David Krasowska and Kirill Nagaitsev Awarded DOE Computational Science Graduate Fellowships

Northwestern Engineering computer science PhD students David Krasowska and Kirill Nagaitsev have been awarded Department of Energy (DOE) Computational Science Graduate Fellowships (CSGF). Members of the Prescience Lab, both students are advised by Peter Dinda, professor of computer science and (by courtesy) electrical and computer engineering at the McCormick School of Engineering.

Established in 1991 for doctoral students pursuing fields that use high-performance computing to solve complex science and engineering problems, the DOE CSGF provides up to four years of total support, including a yearly stipend of $45,000, payment of full tuition and fees, and an annual $1,000 professional development allowance.

Fellows gain cross-disciplinary, team-based experience during a 12-week practicum at one of 21 DOE national laboratories or sites, including access to DOE supercomputers. They also engage in a rigorous program of study that emphasizes academic breadth. At the DOE CSGF annual program review held in Washington, DC, current and former fellows and university and DOE laboratory staff connect through outgoing fellow talks, a poster session, and professional development panels.

David Krasowska

David KrasowskaKrasowska is a first-year computer science PhD student in the computer engineering track.

His research focuses on designing processing in memory (PIM) systems for high performance computing (HPC) infrastructures like data centers. Krasowska’s goal is to develop a software approach that will take high level programming languages popular within a specific domain — such as SQL for data centers — and automatically detect parallel code to generate PIM instructions without the need for programmer intervention. He also aims to improve hardware design to optimize performance and require less energy consumption.

Krasowska is drawn to the opportunities offered by the DOE CSGF practicum.

“I look forward to making use of the computational resources that are made available by the DOE,” Krasowska said. “Hardware simulation is a computationally demanding application, and it would be a great benefit to use the extra resources.”

Krasowska is a visiting research assistant at the DOE Argonne National Laboratory. He collaborates with computational statisticians and computer scientists to investigate lossy compression for optimizations in HPC scientific applications.

He earned a bachelor’s degree in computer engineering from Clemson University, where he was advised by Jon C. Calhoun, assistant professor of electrical and computer engineering, and director of the Future Technologies in Heterogeneous and Parallel Computing Laboratory.

"I am so grateful to have received such a competitive fellowship. This is an opportunity to work with great people to gain different perspectives and showcase new and exciting research,” Krasowska said. “I would like to thank my mentors Jon C. Calhoun and Peter Dinda, and my team at Argonne National Laboratory.”

Kirill Nagaitsev

Kirill NagaitsevNagaitsev is a first-year PhD student in computer science. His research interests center around operating system and compiler support for parallel computing. He also investigates parallel programming models that can effectively utilize heterogeneous hardware.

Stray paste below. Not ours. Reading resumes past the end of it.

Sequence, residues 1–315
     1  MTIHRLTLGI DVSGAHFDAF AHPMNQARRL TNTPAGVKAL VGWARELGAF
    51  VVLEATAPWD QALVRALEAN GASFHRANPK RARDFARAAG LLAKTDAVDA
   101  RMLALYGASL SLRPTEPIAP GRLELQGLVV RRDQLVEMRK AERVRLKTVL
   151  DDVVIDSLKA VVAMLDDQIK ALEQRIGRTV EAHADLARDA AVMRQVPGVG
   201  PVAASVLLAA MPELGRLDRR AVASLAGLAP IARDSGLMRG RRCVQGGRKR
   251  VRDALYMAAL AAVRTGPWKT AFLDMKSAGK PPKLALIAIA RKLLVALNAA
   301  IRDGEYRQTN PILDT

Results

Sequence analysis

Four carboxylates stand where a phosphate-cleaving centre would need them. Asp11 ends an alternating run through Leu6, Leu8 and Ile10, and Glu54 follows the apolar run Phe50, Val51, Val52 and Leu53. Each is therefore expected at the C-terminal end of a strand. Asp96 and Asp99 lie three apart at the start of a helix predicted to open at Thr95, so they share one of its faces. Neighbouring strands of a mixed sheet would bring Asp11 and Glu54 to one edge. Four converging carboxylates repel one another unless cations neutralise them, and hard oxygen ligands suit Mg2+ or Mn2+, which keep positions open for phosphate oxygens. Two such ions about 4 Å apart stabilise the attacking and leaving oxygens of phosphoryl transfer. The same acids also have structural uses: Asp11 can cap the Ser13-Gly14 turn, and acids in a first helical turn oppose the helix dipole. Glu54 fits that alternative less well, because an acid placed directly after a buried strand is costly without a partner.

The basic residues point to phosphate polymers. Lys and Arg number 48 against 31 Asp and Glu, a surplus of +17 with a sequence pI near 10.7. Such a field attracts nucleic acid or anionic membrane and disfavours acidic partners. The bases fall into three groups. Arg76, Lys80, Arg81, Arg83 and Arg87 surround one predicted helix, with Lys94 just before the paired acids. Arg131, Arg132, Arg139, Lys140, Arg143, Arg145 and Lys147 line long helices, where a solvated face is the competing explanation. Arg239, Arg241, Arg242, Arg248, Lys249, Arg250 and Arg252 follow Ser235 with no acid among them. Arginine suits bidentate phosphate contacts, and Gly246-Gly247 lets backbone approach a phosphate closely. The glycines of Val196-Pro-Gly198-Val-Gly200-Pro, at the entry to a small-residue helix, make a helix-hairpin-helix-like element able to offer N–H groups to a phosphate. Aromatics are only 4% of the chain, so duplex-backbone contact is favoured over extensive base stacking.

Nagaitsev’s goal for the fellowship is to investigate how parallel programming models can be improved to allow programmers to write critical portions of their application in a high-level, parallelizable way, where they avoid getting caught up in the details of the hardware that they will be using.

“There has always been a tradeoff in programming where one could write a very flexible application that is somewhat performant on any hardware, but it likely will not perform as well as an application that is tailored to a specific piece of hardware,” Nagaitsev said. “This effort of tailoring applications to hardware is difficult, time consuming, and not future-proof, as a better piece of hardware could come along that makes the effort obsolete.”

Nagaitsev aims to push the performance boundary that is achievable for flexible programming models that can target any hardware. His research could also lead to the development of a novel middle ground between flexible, hardware-agnostic models and highly specialized programming models for specific hardware targets.

“Receiving this fellowship is both an honor and an acknowledgement of my work thus far,” Nagaitsev said. “It marks the beginning of a new path of research that I'm excited to go down for years to come.”

Prior to joining Northwestern, Nagaitsev earned a bachelor’s degree in computer science from the University of Chicago, where he was advised by Ian Foster, Arthur Holly Compton Distinguished Service Professor of Computer Science and a distinguished fellow and senior scientist at Argonne; and Kyle Chard, research associate professor at the University of Chicago. Nagaitsev worked on the NSF-funded project funcX, which enables scientists and programmers to easily submit large numbers of jobs to supercomputers or the cloud.

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